In the garden: April 2023

Although April’s weather varied wildly — from an ice storm to summer temperatures — most days were cloudy, dreary, and rainy. As a result, the garden’s been slow to get going.

Icy start to April (April 5, 2023)

The month started with freezing rain and lost power.

Freezing rain accumulated on the back patio doors (April 5, 2023).

Bloodroot: this year’s first flowers (April 13, 2023)

Last year, the Pussy Willows and Hepatica were first to bloom, but this year Bloodroot is the winner. Last spring, I planted a few new Bloodroot plants beneath the hedgerow near the pond and stream. The plants are south-facing, and in full sun most of the day because there aren’t any leaves out yet.

For the first time ever, I saw a bee visiting Bloodroot flowers. Sadly, there were only 4 flowers to visit. My bigger Bloodroot clump in the front garden wasn’t far behind though (3rd photo). Crocuses that I planted a long time ago soon bloomed as well, so maybe the bee found them too.

Busy Pussy Willows (April 15, 2023)

Mid-April, Bloodroot, Hepatica, and Pussy Willows were in bloom. By far, the Pussy Willows were the center of pollinator activity. While trying to get photos of a bumblebee queen drinking nectar from catkins, I caught 3 different insects in 1 photo — the bumblebee is in the center, a Mourning Cloak butterfly is in the background (right), and a Small Carpenter bee is flying by on the left.

Over the past few years, I’ve taken many photos of butterflies in our garden, but this is the first one where you can see the butterfly’s proboscis (like a straw) rolled up (2nd photo). Usually, I see the proboscis uncurled so it can drink nectar from flowers. In the 3rd photo, the butterfly is drinking nectar upside down.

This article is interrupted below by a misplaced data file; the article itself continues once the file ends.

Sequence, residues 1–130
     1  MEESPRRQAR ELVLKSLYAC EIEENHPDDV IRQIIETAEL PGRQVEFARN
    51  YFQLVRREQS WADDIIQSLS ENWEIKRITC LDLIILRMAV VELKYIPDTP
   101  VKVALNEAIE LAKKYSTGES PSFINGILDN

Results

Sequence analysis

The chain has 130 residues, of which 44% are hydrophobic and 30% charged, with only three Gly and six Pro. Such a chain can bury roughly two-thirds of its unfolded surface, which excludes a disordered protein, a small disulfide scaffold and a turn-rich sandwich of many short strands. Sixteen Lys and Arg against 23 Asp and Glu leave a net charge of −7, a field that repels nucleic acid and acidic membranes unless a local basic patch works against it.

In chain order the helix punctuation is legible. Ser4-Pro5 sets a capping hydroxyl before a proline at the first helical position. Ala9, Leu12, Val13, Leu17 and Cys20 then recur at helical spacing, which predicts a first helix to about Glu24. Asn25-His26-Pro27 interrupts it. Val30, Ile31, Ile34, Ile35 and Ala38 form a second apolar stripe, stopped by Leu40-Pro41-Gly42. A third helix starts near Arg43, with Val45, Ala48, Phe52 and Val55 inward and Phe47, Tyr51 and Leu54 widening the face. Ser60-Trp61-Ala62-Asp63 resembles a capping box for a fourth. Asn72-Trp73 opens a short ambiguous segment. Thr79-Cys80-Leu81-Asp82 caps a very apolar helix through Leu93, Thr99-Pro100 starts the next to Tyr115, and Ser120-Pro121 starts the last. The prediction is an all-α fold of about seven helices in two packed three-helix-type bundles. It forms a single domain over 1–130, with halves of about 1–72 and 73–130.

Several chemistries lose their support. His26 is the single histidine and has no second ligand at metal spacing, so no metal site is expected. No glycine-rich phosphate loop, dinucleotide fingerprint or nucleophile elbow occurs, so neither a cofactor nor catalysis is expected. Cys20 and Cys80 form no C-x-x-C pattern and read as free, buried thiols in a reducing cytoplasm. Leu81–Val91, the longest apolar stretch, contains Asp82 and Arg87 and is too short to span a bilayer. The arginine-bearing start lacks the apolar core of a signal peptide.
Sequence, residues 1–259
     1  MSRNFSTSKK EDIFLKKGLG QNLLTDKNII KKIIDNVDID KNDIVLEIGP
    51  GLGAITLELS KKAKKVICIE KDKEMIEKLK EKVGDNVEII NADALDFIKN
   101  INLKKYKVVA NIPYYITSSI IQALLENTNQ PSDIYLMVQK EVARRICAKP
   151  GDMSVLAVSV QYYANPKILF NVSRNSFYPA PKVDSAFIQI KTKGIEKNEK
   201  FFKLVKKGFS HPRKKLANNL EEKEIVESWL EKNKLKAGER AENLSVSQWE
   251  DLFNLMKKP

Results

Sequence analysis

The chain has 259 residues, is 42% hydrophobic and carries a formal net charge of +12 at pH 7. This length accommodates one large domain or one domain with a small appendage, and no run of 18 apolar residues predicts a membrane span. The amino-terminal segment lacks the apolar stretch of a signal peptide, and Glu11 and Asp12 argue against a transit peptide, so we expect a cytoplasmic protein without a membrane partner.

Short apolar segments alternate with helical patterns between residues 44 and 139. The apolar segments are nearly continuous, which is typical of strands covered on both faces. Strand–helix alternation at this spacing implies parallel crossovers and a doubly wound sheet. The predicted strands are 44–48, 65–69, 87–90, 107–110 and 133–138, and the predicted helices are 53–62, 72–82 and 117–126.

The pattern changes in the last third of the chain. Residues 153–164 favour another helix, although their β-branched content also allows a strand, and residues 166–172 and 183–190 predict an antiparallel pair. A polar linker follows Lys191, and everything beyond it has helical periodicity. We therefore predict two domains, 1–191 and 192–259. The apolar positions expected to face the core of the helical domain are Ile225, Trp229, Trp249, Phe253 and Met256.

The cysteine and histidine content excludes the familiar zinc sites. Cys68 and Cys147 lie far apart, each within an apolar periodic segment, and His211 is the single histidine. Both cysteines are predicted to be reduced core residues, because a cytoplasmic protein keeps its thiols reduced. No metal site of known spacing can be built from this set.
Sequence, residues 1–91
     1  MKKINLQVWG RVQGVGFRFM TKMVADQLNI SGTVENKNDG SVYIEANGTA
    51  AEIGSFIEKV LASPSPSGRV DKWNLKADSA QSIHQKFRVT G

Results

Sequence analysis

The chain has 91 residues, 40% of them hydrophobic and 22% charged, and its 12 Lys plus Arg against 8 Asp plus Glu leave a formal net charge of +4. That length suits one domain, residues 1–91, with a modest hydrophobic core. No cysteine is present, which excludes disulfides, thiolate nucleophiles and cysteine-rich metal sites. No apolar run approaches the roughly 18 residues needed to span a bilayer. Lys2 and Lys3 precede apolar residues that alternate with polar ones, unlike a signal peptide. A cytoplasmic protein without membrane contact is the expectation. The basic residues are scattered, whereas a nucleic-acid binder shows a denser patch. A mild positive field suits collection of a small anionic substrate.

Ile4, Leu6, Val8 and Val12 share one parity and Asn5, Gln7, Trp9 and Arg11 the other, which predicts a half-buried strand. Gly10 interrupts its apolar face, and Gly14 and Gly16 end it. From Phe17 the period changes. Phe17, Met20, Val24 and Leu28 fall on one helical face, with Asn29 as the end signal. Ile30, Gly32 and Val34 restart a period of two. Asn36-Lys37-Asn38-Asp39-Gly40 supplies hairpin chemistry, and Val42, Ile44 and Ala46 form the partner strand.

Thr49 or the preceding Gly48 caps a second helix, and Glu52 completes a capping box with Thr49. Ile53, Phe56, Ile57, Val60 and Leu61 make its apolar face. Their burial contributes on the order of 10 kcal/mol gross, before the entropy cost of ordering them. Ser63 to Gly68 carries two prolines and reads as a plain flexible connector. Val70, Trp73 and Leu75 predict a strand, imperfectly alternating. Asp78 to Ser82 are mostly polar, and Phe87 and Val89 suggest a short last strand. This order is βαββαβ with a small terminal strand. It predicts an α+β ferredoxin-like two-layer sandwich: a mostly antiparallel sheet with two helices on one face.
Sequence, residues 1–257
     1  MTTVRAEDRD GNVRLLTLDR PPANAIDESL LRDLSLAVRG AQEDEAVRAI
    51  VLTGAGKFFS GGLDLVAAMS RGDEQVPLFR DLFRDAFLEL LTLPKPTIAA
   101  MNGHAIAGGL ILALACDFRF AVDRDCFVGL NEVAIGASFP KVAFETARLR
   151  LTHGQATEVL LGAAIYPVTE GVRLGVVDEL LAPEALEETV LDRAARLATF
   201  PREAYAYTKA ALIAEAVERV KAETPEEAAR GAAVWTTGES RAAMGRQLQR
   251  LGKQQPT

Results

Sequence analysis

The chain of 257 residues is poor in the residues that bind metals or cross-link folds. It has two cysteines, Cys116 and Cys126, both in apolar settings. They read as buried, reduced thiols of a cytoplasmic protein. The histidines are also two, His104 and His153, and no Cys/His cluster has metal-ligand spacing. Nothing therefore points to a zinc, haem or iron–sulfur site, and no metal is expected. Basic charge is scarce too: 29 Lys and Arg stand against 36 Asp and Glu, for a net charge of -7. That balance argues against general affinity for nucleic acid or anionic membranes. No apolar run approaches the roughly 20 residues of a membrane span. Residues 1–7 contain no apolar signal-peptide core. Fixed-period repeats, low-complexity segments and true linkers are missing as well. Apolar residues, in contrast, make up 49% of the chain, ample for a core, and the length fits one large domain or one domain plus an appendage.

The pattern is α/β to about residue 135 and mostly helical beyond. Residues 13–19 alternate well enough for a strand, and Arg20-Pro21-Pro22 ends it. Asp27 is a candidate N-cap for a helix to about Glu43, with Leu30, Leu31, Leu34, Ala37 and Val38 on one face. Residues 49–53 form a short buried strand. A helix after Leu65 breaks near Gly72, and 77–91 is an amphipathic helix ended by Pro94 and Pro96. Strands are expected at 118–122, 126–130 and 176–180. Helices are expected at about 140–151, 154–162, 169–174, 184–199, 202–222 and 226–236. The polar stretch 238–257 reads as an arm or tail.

Hepatica (April 14 to 20, 2023)

I’ve been buying Hepatica plants from Connaught Nursery for a few years now, so I finally have a couple of small drifts of them. They are dainty flowers in shades of pink, blueish-pink, and white.

Unfortunately, the rabbits like to eat them. They already ate my blueish ones before I got photos. I made rustic-looking, chicken-wire cloches (last photo) to cover the remaining flower clusters. I moulded the chicken wire around a mixing bowl. I really want the Hepatica to go to seed and spread.

Kinglets are back! (April 23, 2023)

I went out to the greenhouse and heard the cheerful song of Ruby-crowned Kinglets. Sure enough, there were a couple of Kinglets hopping around the hedgerow and cedar hedge hunting for insects. Boy, the male’s red crown feathers sure stood out against the grey sky and branches.

Chickadee hunting in the Pussy Willows (April 22, 2023)

Even when the Pussy Willow catkins were fading, there were still a lot of insects flying around them. A few times, I spotted Chickadees hunting for insects in the shrubs.

In the 2nd and 3rd photos, it looks like a Chickadee caught and ate a bee. The red hair on the bee’s thorax makes me think it might have been a Dunning’s Mining Bee.

Bees visiting Red Maple flowers (May 2, 2020)

In mid-April, I took lots of photos of bees visiting Red Maple flowers, but few turned out. The tree is getting so tall that even the zoom lens has trouble capturing clear photos of insects so far away. So, here are some photos from 2020 instead, when the tree was shorter.